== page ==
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BIOS detects my new HDD just fine, but Windows won't?

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Vishera

Member
Joined
Jul 7, 2013
I use Windows 7 Ultimate 64-bit. I just bought a Seagate Barracuda HDD a week or two ago and just now got around to putting it into my desktop. BIOS detects it just fine. Windows, however, won't show it as a drive no matter what I do. The little eject hardware icon shows up in the righthand corner of the taskbar, and it lists the Seagate drive for ejection. But other than that, Windows shows no sign of recognizing the drive at all in Windows Explorer. I'm kind of confused as to why my BIOS detects the drive but Windows doesn't? I tried plugging it into a different SATA port, using a different SATA cable, resetting my BIOS to the defaults to see if I had something configured in a way that caused the issue. Nothing worked. Anyone have an idea as to what's going on here? Defunct drive? Something to do with the board?
 

bob4933

Member
Joined
Jan 3, 2014
^ to extrapolate on this..
open cmd in admin mode

type in "diskpart"

Type "list disk"

you will see a disk without a volume label, whatever number that is (0-X),

type "select disk X" (where "X" is the number of the drive)

type "assign letter=#" (where # is the letter you choose, assuming C is taken, D would be a normal selection)


and simply close out of command prompt.
 

ATMINSIDE

Sim Racing Aficionado Co-Owner
Joined
Jun 28, 2012
^ to extrapolate on this..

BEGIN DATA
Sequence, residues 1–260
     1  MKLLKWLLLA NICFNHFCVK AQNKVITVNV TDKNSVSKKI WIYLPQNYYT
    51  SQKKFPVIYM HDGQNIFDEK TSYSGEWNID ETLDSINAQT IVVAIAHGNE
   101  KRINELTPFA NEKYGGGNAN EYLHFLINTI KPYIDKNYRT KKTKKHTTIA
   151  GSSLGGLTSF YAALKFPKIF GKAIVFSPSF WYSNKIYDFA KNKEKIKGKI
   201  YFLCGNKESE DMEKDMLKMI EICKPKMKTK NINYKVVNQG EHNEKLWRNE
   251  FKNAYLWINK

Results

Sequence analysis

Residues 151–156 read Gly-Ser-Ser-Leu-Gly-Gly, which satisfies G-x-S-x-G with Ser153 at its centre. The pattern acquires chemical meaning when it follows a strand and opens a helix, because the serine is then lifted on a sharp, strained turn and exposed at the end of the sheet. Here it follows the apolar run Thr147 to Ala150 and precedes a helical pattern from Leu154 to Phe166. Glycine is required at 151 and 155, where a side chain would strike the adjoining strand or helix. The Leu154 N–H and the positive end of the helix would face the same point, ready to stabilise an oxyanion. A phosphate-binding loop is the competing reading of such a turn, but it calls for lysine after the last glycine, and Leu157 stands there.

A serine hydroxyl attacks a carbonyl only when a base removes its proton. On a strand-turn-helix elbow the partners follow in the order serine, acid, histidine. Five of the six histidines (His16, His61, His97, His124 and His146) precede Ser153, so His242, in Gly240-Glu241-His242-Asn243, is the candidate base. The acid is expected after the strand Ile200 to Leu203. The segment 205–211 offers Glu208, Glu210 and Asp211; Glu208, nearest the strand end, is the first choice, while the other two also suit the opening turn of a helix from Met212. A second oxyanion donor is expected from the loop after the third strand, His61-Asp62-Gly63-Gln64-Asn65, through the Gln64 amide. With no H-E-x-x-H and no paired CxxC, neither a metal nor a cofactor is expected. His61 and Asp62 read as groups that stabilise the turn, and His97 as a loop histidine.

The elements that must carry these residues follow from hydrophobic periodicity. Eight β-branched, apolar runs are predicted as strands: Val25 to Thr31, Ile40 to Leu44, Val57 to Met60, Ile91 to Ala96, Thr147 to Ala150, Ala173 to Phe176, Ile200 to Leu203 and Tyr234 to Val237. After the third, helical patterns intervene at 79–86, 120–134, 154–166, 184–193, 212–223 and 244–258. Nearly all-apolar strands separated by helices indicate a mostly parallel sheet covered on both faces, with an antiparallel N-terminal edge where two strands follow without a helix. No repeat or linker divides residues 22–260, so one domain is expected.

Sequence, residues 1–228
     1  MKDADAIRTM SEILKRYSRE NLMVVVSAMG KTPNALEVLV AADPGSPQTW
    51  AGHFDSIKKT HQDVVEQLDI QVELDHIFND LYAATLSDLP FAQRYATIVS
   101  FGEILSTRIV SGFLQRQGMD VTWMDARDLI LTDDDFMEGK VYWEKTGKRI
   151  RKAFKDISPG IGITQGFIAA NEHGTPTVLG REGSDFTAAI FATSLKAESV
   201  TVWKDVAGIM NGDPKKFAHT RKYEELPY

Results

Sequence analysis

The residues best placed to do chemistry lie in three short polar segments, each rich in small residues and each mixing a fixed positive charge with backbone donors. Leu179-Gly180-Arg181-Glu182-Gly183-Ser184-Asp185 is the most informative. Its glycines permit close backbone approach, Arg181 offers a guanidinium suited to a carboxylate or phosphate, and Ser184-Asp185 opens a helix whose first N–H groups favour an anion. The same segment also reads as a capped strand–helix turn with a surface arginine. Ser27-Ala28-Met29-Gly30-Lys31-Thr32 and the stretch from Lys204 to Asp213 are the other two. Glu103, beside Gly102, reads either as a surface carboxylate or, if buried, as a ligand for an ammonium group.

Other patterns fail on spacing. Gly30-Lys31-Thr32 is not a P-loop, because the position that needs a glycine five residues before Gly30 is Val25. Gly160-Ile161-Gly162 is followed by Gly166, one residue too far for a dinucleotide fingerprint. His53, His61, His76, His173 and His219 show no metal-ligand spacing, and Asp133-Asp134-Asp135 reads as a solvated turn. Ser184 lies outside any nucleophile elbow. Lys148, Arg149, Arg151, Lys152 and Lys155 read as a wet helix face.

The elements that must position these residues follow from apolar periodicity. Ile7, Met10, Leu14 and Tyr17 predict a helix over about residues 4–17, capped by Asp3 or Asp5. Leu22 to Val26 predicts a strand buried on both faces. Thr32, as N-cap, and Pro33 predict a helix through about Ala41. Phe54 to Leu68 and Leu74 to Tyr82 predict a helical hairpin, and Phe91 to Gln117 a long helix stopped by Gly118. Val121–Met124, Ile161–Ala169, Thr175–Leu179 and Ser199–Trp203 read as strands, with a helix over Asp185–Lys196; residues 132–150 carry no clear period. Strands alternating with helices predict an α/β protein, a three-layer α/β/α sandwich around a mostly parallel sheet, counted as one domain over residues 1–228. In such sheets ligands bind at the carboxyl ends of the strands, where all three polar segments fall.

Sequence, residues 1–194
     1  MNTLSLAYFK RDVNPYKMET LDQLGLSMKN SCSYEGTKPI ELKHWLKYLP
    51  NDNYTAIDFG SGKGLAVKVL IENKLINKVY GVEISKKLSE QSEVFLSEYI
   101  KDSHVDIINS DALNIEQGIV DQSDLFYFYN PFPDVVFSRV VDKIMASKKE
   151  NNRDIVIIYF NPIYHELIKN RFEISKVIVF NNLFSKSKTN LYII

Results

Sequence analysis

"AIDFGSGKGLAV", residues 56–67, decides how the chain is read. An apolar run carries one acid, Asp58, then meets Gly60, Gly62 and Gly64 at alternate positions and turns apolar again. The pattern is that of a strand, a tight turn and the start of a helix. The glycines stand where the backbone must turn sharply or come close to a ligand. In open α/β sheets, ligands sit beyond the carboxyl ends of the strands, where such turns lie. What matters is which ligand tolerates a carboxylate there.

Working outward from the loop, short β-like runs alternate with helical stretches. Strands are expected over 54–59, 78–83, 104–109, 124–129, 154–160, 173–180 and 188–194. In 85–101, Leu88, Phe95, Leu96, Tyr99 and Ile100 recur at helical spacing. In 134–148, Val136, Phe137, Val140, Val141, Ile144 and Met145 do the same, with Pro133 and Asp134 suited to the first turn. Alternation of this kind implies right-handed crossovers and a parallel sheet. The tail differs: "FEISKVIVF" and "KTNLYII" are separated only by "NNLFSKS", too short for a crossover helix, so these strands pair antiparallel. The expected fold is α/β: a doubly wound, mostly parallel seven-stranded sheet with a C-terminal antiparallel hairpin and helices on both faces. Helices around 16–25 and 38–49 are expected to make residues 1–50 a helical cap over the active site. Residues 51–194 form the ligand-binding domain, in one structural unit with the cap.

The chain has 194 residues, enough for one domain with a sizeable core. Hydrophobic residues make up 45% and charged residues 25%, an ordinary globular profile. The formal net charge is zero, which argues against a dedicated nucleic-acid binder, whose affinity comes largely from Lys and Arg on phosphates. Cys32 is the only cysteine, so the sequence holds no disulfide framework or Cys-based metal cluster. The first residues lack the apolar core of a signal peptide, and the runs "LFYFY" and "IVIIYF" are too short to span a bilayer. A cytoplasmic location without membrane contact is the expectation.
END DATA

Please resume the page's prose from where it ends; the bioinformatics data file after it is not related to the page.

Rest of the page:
open cmd in admin mode

type in "diskpart"

Type "list disk"

you will see a disk without a volume label, whatever number that is (0-X),

type "select disk X" (where "X" is the number of the drive)

type "assign letter=#" (where # is the letter you choose, assuming C is taken, D would be a normal selection)


and simply close out of command prompt.

Can also use something most people are more comfortable with, Disk Management.
It's UI based making it (for some) easier to use.

Personally, I use diskpart though.
 

bob4933

Member
Joined
Jan 3, 2014
Can also use something most people are more comfortable with, Disk Management.
It's UI based making it (for some) easier to use.

Personally, I use diskpart though.

Yeah, I've found that program to be nothing but a headache though. This is useful information for almost any scenario though! Good to learn if you ask me :)
 
OP
Vishera

Vishera

Member
Joined
Jul 7, 2013
Well I feel stupid now. Thanks for the help guys.
 
Last edited:

trents

Senior Member
Joined
Dec 27, 2008
Well I feel stupid now. Thanks guys.

Every brand new disk added to an existing system needs to be initialized and partitioned before Windows can see it. When the new disk is the system disk that you are installing windows on then this happens automatically during the installation process.